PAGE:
THE PRIOR ART It is known that synthetic diamonds can be manufactured by subjecting a mixture of particles of a non-diamond carbonaceous material and particles of a solvent for carbon, for example iron or nickel or an alloy containing one of these metals, to temperatures and pressures in the diamond stable region, in which the temperature is sufficiently high for the solvent to occur in molten form in the presence of the carbonaceous material. It is also known instead of particles of solvent to use bodies of the solvent which have a substantial extension in relation to the reaction vessel, for example in the form of rods, cylinders, plates, etc.

SUMMARY or THE INVENTION According to the present invention it has been found possible to manufacture particularly large, well crystallized diamonds.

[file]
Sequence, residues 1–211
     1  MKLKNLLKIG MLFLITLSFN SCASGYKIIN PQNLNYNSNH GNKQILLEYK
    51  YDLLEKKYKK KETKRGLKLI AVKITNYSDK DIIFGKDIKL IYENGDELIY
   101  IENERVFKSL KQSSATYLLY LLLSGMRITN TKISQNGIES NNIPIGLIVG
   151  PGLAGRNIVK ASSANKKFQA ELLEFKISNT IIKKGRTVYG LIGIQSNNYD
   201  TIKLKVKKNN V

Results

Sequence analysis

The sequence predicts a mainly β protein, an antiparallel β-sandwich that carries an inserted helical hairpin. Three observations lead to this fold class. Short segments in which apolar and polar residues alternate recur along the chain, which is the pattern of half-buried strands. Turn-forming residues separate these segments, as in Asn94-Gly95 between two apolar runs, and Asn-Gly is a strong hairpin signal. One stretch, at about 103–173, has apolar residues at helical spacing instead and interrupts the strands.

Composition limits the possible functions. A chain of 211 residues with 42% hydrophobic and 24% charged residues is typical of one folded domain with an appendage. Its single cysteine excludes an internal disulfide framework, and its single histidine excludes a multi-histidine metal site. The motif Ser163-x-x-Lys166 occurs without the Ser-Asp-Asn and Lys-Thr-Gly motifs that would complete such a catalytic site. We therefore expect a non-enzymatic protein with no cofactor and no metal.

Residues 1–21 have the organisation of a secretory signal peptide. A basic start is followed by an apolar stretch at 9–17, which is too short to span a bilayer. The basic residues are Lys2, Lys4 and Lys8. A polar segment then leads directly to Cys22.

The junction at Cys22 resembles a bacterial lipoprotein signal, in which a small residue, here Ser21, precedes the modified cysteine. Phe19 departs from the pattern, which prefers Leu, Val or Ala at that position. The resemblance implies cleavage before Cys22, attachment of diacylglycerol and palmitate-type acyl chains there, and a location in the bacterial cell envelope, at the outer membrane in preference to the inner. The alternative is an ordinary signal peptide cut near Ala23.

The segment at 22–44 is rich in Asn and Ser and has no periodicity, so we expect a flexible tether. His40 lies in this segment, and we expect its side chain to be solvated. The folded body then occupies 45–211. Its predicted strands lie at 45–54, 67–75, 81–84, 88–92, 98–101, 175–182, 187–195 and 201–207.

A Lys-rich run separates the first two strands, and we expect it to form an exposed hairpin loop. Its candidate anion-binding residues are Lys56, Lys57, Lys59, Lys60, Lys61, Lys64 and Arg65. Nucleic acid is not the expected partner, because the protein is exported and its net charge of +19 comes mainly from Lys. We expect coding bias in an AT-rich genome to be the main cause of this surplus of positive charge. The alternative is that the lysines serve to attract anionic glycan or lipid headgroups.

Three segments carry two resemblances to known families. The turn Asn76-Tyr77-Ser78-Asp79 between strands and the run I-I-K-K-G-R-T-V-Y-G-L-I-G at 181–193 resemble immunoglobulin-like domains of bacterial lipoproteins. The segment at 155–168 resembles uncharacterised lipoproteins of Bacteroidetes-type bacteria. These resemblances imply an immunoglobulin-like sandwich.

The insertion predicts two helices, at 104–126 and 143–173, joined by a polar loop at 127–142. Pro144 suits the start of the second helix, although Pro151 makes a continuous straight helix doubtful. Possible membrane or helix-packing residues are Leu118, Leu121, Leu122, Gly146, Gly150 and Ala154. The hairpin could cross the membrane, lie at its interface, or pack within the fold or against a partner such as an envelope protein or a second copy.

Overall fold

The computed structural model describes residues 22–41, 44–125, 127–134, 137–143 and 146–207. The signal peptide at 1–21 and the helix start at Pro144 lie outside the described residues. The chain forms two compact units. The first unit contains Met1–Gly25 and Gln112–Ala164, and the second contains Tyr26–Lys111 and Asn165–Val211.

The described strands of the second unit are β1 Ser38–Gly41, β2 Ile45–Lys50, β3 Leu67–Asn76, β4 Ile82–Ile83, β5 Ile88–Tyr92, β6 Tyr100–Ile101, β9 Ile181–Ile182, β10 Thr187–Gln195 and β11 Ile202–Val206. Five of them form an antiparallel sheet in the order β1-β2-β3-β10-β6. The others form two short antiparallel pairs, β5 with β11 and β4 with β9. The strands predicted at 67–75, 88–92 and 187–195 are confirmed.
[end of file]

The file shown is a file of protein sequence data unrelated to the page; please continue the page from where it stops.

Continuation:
The present invention relates to a method of manufacturing synthetic diamonds by subjecting a reaction mixture comprising a non-diamond carbonaceous material and a solvent for carbon having the capacity to convert the carbonaceous material to diamond in a reaction vessel, to temperatures and pressures in the diamond stable region, whereby the reaction mixture is heated by an electric current led through the reaction mixture to a temperature sufficiently high to melt the solvent and the solvent is shaped as at least one body having a substantial extension in relation to the reaction vessel and arranged substantially perpendicular to the current direction, characterized in that the solvent body is shaped with several narrowing or projecting parts, for example in the form of peaks, points or ridges, facing the carbonaceous material and that a negative temperature gradient is effected in the direction from the carbonaceous material to the solvent body when heating the reaction mixture.